According to a study, women who received free meals in India's elementary schools had children with better linear growth. The findings, which were published in the journal Nature Communications on Monday, implying that school feeding programmes may have intergenerational implications on child nutrition.
India has the biggest number of undernourished children and the world's largest school feeding programme, the Mid-Day Meal (MDM) plan, according to researchers at the International Food Policy Research Institute (IFPRI) in the United States. However, the scheme's long-term nutritional benefits are uncertain.
The researchers examined whether MDM enhances inter-generational increases in child linear development using nationally representative data on mothers and their children from 1993 to 2016. They discovered that prior spending on school meals was linked to benefits in future child linear development.
"Our findings suggest that intervening during the primary school years can make important contributions to reducing future child stunting, particularly given the cumulative exposure that is possible through school feeding programmes," said study co-author Suman Chakrabarti from the University of Washington in the US.
The findings also show that school meals may contribute to education, later fertility decisions, and access to health care, reducing the risk of undernutrition in the next generation, the researchers said.
"School feeding programmes such as India''s MDM scheme have the potential for stimulating population-level stunting reduction as they are implemented at scale and target multiple underlying determinants of undernutrition in vulnerable groups," said study co-author Samuel Scott from IFPRI.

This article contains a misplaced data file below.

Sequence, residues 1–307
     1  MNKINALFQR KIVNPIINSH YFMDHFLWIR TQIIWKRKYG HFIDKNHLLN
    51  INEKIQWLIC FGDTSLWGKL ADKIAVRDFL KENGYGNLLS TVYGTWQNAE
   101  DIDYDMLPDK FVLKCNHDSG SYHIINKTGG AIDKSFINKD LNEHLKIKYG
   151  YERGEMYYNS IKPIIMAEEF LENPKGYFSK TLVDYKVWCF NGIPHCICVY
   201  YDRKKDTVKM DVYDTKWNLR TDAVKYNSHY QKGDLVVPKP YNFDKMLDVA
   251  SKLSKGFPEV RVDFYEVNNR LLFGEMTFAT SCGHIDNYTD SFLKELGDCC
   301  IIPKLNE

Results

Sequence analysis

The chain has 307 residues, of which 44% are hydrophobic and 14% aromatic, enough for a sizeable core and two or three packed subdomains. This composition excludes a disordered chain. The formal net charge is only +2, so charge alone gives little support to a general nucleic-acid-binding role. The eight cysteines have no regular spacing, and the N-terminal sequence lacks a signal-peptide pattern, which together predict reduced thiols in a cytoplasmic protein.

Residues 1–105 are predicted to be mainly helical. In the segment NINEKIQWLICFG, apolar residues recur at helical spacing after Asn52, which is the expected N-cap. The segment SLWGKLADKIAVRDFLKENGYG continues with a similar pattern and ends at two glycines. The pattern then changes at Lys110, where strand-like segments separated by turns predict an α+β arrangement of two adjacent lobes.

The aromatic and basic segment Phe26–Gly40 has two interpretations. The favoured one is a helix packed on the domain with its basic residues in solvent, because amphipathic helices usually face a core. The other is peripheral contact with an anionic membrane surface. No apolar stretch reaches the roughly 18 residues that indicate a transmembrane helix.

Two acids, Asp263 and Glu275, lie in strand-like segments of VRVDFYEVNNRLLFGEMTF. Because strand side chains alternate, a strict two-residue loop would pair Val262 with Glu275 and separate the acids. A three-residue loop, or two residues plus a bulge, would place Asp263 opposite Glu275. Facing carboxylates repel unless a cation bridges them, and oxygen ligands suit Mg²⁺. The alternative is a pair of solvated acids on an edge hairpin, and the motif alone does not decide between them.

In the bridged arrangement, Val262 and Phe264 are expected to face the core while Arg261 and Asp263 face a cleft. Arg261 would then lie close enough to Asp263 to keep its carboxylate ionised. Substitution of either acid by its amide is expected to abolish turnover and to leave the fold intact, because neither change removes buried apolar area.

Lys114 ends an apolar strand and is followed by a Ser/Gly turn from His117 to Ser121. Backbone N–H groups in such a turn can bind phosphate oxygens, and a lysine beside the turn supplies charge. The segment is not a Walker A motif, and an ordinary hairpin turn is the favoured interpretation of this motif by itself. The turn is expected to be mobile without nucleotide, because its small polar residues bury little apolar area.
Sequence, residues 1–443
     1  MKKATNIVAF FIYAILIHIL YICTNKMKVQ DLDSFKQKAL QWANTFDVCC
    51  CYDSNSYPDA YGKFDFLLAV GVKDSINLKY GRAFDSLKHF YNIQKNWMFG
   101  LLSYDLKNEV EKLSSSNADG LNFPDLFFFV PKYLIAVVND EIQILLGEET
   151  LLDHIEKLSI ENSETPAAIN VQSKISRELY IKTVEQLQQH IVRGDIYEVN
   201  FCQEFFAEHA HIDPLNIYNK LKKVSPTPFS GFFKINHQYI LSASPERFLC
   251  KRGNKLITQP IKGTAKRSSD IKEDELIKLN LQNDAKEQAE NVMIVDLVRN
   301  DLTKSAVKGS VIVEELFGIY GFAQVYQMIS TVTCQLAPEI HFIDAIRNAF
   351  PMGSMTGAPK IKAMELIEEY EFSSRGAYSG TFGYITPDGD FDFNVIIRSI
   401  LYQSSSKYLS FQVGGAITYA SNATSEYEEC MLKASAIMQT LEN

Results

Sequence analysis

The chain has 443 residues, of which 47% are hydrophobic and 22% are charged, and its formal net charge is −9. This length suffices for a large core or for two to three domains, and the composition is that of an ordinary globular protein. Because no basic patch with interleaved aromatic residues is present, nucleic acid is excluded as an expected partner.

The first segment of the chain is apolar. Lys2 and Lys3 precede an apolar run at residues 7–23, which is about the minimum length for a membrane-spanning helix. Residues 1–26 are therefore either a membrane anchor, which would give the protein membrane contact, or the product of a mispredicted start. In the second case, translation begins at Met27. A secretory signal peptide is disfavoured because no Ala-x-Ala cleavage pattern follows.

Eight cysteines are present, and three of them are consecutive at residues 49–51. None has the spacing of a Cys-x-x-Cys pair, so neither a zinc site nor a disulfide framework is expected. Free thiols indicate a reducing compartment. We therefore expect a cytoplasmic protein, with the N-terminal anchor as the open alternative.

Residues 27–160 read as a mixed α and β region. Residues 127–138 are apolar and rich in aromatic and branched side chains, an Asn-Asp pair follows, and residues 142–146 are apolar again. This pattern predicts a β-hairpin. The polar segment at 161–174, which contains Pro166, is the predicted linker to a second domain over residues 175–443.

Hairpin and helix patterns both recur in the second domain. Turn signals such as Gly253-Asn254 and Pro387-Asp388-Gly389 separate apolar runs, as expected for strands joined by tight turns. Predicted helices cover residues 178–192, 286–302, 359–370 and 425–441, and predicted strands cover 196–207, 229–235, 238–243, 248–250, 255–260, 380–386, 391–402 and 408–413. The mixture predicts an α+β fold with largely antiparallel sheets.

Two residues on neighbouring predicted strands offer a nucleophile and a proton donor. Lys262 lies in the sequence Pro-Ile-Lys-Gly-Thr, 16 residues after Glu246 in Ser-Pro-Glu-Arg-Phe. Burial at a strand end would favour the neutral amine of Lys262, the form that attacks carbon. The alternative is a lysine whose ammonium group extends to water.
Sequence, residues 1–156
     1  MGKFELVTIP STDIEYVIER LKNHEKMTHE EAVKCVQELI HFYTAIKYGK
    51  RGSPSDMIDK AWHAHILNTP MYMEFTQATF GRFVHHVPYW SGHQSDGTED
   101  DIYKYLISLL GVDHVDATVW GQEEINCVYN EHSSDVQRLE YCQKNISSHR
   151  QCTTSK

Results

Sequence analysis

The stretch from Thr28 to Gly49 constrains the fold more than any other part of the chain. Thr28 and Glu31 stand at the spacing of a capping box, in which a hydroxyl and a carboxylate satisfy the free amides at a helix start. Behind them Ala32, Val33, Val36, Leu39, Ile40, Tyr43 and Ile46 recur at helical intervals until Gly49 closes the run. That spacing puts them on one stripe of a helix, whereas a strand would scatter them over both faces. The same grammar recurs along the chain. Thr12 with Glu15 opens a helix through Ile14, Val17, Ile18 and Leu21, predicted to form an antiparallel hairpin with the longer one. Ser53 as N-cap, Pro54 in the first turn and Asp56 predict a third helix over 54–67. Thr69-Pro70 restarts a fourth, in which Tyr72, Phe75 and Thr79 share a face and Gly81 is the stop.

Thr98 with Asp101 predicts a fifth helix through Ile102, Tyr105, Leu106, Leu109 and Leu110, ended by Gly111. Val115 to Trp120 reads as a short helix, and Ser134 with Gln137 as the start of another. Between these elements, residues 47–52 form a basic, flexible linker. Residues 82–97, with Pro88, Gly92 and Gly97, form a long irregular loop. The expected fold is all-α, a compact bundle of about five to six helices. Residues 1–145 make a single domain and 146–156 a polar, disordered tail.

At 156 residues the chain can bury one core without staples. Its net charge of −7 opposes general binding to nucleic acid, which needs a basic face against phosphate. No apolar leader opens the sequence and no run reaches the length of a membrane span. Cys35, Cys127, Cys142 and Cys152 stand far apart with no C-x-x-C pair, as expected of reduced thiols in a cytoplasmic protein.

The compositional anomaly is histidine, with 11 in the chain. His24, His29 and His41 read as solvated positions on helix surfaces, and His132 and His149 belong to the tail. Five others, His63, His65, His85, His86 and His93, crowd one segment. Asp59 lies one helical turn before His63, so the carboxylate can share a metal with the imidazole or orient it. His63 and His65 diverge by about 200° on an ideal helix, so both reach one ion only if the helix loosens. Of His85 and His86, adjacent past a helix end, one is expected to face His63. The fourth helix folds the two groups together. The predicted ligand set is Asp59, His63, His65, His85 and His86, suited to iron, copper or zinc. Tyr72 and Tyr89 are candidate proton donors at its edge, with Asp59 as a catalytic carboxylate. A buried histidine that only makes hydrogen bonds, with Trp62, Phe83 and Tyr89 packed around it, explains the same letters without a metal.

Study co-author, Harold Alderman from IFPRI, noted that findings from previous evaluations of India''s MDM scheme have shown a positive association with beneficiaries'' school attendance, learning achievement, hunger and protein-energy malnutrition, and resilience to health shocks such as drought.
All of these may have carryover benefits to children born to mothers who participated in the programme, he said.
Further research is required to understand whether improving the quality or quantity of meals provided and extending the programme beyond primary school might further enhance its benefits, the researchers added.
The MDM scheme, initiated by the central government in 1995, was intended to cover all government schools under the National Programme of Nutritional Support for Primary Education, the authors of study wrote.
Due to institutional challenges, only a few states scaled up the programme immediately, they said.
According to the researchers, data from 1999 show that only 6 per cent of all girls aged 6-10 years received mid-day meals in school.